Novel Tall Fescue Renovation Workshop back in Lexington, March 19th

Toxic tall fescue reduces livestock weight gains and lowers reproductive performance.  This one day workshop will give you the tools and information needed to improve your management of toxic tall fescue or to remove it and replace it with novel endophyte varieties. Speakers include local producers, company representatives and extension specialists from across the country. Topics include: Fescue toxicosis, Economics, Testing, Establishment, Management, Products, and Incentives. Registration includes all materials, refreshments, and lunch. Early registration ends March 11th. Space is limited. Register today here or email us at



The Late Ms. Ghanimat Azhdari

Picture1The Secretariat of the National Organizing Committee for the Joint International Grassland/Rangeland Congress, convey deepest condolences on the death of one of the Keynote Speakers, Ms. Ghanimat Azhdari, in the recent plane crash near Tehran, Iran.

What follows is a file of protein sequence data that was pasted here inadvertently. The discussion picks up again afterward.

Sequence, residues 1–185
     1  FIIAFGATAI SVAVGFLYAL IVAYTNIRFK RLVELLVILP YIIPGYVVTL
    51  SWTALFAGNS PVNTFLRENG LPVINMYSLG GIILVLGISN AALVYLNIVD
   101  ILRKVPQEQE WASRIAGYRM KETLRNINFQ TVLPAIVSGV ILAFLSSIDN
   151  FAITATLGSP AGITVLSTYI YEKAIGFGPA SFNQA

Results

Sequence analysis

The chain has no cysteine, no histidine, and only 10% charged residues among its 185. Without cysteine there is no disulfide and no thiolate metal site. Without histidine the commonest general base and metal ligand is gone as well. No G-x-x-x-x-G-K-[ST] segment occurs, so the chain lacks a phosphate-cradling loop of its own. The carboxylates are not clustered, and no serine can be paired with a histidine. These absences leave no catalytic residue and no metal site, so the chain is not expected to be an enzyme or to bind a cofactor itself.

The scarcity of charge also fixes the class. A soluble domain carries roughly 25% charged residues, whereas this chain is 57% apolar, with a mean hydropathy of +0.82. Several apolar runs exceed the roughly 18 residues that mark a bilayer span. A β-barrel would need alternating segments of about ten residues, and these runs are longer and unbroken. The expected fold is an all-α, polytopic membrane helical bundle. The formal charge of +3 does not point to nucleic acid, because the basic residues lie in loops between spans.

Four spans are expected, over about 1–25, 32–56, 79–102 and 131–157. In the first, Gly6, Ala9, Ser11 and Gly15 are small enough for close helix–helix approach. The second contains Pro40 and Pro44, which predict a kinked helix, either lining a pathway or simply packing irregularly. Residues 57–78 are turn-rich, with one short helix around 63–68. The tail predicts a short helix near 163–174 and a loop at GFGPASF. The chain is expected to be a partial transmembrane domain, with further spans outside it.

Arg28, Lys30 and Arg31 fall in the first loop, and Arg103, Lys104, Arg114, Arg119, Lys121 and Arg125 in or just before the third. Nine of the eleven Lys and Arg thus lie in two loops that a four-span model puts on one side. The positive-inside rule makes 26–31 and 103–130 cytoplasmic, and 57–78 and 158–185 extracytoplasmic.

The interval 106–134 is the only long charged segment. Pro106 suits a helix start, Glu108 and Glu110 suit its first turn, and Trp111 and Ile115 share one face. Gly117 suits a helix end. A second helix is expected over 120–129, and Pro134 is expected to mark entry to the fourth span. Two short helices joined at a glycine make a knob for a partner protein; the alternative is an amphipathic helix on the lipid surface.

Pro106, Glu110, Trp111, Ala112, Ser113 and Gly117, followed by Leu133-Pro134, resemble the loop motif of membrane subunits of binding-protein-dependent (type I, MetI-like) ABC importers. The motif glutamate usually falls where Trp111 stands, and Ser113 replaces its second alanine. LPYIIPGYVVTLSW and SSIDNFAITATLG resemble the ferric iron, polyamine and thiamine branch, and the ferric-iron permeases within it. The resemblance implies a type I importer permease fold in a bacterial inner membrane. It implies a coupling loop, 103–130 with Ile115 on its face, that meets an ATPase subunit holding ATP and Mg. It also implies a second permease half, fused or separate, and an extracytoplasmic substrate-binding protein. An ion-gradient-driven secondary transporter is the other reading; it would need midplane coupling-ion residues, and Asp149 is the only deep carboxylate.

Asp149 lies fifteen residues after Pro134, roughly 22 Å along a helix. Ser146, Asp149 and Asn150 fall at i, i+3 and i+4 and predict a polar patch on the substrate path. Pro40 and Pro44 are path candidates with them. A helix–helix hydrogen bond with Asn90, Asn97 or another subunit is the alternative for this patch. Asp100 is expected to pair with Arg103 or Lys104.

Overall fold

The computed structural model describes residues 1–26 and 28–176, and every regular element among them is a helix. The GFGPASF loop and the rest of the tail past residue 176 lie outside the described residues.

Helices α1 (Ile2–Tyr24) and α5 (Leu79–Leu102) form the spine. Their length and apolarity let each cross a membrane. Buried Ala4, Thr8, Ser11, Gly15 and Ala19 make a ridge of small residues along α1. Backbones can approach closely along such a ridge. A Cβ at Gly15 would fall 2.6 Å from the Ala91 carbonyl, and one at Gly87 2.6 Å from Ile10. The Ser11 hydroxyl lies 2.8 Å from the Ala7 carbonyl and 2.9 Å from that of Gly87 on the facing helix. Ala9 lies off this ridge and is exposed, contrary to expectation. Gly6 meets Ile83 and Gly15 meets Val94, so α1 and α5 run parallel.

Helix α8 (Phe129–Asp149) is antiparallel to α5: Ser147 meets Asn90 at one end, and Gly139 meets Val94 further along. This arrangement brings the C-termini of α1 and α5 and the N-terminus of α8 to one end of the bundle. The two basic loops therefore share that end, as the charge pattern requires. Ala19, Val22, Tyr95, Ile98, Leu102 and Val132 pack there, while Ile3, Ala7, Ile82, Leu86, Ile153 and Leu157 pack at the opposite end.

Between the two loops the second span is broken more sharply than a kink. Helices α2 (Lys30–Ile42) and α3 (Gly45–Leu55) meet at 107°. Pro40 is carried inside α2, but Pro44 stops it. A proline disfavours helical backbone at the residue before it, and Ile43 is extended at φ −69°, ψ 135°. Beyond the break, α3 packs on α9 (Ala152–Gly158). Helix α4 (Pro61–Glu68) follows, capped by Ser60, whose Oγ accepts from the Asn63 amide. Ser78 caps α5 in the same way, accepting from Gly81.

Ms. Ghanimat worked for Centre for Sustainable Development and Environment (Cenesta). She was an inspiring, intelligent young scientist who was very passionate about indigenous peoples issues and the environment.  Ms. Ghanimat Azhdari had agreed to give a Keynote presentation on ‘Pastoralism, Social, Gender and Policy Issues’ during the up-coming October 2020 Congress. Read more about the life and work of Ms. Azhdari here.


Quote of the Month: “Where there is No Vision, There is no Hope” ~ George Washington Carver

Genuine vision of a better future is essential in creating a better life. There are costs involved, and one must be willing to bear those costs. Too many people give up, submitting to a life of drudgery. This includes some forage-livestock producers, who muddle along, with no vision to see how new inputs and better management could result in more efficient operation and greater profitability. Lack of vision prevents moving to higher levels of forage-livestock productivity. Order your copy of Forage-Livestock Quote and Concepts, vol. 2, here.